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This is a ridiculous notion that further shows there is no understanding of the monetary system at the highest levels, or the ‘debt’ per se would not be a concern. They obviously don’t understand taxes function to regulate aggregate demand (spending) and not to raise revenue per se.
Reminds me of a story Phil Harvey used to tell about sending 100 dogs into a room with 95 bones in it.
5 dogs don’t get bones.
The sociologists and micro economists examine them, and find that the 5 least intelligent, least aggressive etc. dogs didn’t get bones.
So they train those 5 dogs and repeat the experiment, and this time those dogs do get bones.
Of course, 5 others don’t, because the bone shortage is a macro problem.
Same with unemployment.
The problem is a lack of funding for paid jobs because people would rather save their incomes than spend them on goods and services that require labor to produce.
Short of trying to figure out how to get the population to spend by going deeper into debt (reduce savings) which is about as impossible as it is undesirable, the only solution is to cut taxes or increase govt. spending to provide the needed funding.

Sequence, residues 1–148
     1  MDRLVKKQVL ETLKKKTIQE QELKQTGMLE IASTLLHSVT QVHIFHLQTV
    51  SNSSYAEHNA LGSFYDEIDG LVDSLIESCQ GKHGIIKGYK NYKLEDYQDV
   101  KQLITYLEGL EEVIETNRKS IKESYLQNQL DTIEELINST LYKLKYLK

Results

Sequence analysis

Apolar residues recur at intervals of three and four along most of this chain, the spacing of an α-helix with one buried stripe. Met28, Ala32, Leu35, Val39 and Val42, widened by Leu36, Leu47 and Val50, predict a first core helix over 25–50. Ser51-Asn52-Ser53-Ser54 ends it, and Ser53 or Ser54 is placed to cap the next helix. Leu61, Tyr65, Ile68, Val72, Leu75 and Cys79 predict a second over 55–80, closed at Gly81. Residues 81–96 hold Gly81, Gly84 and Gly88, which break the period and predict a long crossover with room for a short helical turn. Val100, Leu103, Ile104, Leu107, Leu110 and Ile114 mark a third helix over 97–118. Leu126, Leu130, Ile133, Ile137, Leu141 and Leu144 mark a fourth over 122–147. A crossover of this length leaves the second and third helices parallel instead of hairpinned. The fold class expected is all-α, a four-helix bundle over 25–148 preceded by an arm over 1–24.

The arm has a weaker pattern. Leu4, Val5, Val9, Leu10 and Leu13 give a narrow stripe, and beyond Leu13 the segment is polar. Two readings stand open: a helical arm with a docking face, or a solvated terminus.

If this misunderstanding continues, look for high unemployment, a deflationary backdrop, and the Fed on hold until something changes to reduce the output gap.
By Kate Andersen Brower
Nov. 2 (Bloomberg) — President Barack Obama said the U.S. economy has pulled â€œback from the brinkâ€ and the government must now â€œget seriousâ€ about reducing debt and helping spur job growth.
Addressing a panel of business and labor leaders and economists, the president said it will require â€œbold, innovative actionâ€ on the part of the government and private industry to bring the unemployment rate down and lay the foundation for future growth.
â€œWe just are not where we need to be yet,â€ Obama told his Economic Recovery Advisory Board, headed by former Federal Reserve Chairman Paul Volcker. Along with helping spur job growth, â€œThe government is going to have to get serious about reducing our debt levels.â€
This was the second time the full board has met to brief the president on ways to create jobs and encourage economic growth. Obama formed the advisory panel in February to provide an â€œindependent voice on economic issues.â€ Todayâ€™s meeting is focusing on creating jobs through innovation.
Along with Volcker, board members include former Securities and Exchange Commission Chairman William Donaldson; Robert Wolf, chairman and chief executive officer of UBS Americas; Penny Pritzker, who led Obamaâ€™s campaign fundraising effort and is chairman of Pritzker Realty Group; Jeffrey Immelt the chief executive of General Electric Co.; Caterpillar Inc. Chief Executive OfficerJim Owens; and AFL-CIO President Richard Trumka.